2010-09-05 Albert Head_0159

After a nice paddle along the shore, we tried to enter the lagoon itself, but the entrance was too shallow and the current too quick. Although facing forward, Alison is actually going backwards in this picture.
2010-09-05 Albert Head_0161 copy

We spent a few minutes drifting around the lagoon entrance where I snapped a couple of pictures (well, 40 actually) of this heron fishing in the surf before we headed back.
2010-09-05 Albert Head_0116 copy
2010-09-05 Albert Head_0144 copy

Trip Length: 13.30 km
YTD: 207.63 km
More pictures are here.
2010-09-05 Albert Head

Sunday, September 05, 2010

New Vancouver Island Circumnavigation Speed Record

Yesterday evening, Joe O'Blenis arrived in Nanaimo and completed a circumnavigation (1,150 km) of Vancouver Island in a new record time; 16 days, 12 hours and 9 minutes. He regains the record that he lost from Sean Morley in 2008.
Joe might have been even faster had he not run into equipment problems at Tofino and lost the most of a day.
Congrats, Joe!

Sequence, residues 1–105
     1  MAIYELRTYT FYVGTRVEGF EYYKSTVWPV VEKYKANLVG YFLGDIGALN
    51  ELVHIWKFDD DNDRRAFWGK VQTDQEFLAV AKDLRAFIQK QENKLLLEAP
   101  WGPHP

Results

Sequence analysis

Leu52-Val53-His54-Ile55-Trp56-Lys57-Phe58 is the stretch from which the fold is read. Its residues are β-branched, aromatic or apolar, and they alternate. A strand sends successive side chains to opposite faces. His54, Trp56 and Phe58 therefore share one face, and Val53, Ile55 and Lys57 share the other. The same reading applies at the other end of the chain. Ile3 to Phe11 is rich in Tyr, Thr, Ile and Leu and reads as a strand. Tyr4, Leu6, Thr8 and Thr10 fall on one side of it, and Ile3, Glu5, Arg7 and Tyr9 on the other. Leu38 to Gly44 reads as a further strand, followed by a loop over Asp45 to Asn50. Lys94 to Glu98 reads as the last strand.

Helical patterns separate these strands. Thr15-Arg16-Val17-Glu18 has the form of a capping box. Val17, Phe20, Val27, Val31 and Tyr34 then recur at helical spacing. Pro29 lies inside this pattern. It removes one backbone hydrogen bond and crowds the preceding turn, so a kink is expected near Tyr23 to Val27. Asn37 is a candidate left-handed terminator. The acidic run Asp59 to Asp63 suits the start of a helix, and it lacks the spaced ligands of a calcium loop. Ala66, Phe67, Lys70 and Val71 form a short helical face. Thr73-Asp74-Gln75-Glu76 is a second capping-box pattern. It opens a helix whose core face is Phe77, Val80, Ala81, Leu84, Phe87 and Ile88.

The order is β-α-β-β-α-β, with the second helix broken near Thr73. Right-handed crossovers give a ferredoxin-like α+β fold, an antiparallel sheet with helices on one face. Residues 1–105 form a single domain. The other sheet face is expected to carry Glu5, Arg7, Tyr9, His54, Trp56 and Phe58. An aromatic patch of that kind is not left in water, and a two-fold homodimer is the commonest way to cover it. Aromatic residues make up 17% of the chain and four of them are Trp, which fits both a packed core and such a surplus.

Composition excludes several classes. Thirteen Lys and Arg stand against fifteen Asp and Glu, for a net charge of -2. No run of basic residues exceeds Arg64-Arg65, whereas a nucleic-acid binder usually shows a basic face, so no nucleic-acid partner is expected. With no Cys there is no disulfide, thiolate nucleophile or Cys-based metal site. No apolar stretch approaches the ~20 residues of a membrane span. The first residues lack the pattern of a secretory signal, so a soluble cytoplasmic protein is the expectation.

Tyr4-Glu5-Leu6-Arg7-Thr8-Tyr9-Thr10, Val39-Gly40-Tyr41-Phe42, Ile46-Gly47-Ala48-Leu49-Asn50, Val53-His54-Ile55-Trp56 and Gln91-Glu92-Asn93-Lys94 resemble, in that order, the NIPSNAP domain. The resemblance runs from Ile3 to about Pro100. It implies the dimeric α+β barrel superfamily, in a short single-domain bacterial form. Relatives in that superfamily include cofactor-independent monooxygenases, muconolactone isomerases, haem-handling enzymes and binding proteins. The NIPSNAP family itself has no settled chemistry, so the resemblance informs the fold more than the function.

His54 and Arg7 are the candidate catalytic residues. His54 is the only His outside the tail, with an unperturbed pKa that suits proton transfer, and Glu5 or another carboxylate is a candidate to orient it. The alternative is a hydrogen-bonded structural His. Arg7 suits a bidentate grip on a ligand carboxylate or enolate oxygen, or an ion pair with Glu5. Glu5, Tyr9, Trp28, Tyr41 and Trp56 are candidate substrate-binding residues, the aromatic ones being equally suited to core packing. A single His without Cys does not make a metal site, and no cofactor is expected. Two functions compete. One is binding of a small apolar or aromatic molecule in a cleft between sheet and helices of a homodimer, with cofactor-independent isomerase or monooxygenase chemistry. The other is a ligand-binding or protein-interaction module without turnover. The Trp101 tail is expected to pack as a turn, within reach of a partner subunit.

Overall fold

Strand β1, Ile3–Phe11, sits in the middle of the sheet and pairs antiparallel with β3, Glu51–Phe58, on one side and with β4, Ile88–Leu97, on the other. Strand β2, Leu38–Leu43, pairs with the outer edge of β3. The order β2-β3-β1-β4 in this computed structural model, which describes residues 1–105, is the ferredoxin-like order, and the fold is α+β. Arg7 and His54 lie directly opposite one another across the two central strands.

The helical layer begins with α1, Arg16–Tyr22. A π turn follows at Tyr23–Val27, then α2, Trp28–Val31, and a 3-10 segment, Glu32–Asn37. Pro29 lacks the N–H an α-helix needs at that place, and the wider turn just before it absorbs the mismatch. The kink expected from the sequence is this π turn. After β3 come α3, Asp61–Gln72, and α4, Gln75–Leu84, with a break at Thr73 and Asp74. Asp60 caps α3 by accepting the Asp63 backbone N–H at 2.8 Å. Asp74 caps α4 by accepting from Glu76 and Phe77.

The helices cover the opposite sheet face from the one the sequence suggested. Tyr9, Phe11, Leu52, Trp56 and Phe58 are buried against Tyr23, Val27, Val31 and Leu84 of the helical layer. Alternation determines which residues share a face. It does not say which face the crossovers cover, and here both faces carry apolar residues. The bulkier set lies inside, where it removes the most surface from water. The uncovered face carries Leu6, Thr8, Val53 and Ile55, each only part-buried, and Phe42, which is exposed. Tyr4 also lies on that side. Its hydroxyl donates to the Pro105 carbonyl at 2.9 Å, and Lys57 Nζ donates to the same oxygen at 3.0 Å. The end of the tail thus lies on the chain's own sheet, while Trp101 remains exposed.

And another one rides the puff

Kayaking is good for relaxation. I've spent most of the weekend working on the first chapter of a short novel. Previously when writing a novel, I usually write it first and then try sending it to publishers. The only one I sold, I sent an outline and first three chapters first. This time, I'm pitching as fast as I write it -- so writing this project is something that has me thinking in all directions. I need to relax, so kayaking is good.
I got out in my little inflatable, and headed out in my usual direction. Out to Flower, looking around at the wind and current. A wee bit more than I'd like for going around Flower, so I just looked out at the day. Drank a little water from the spiffy steel vaccuum bottle that Paddlefest gave to me. Turned back.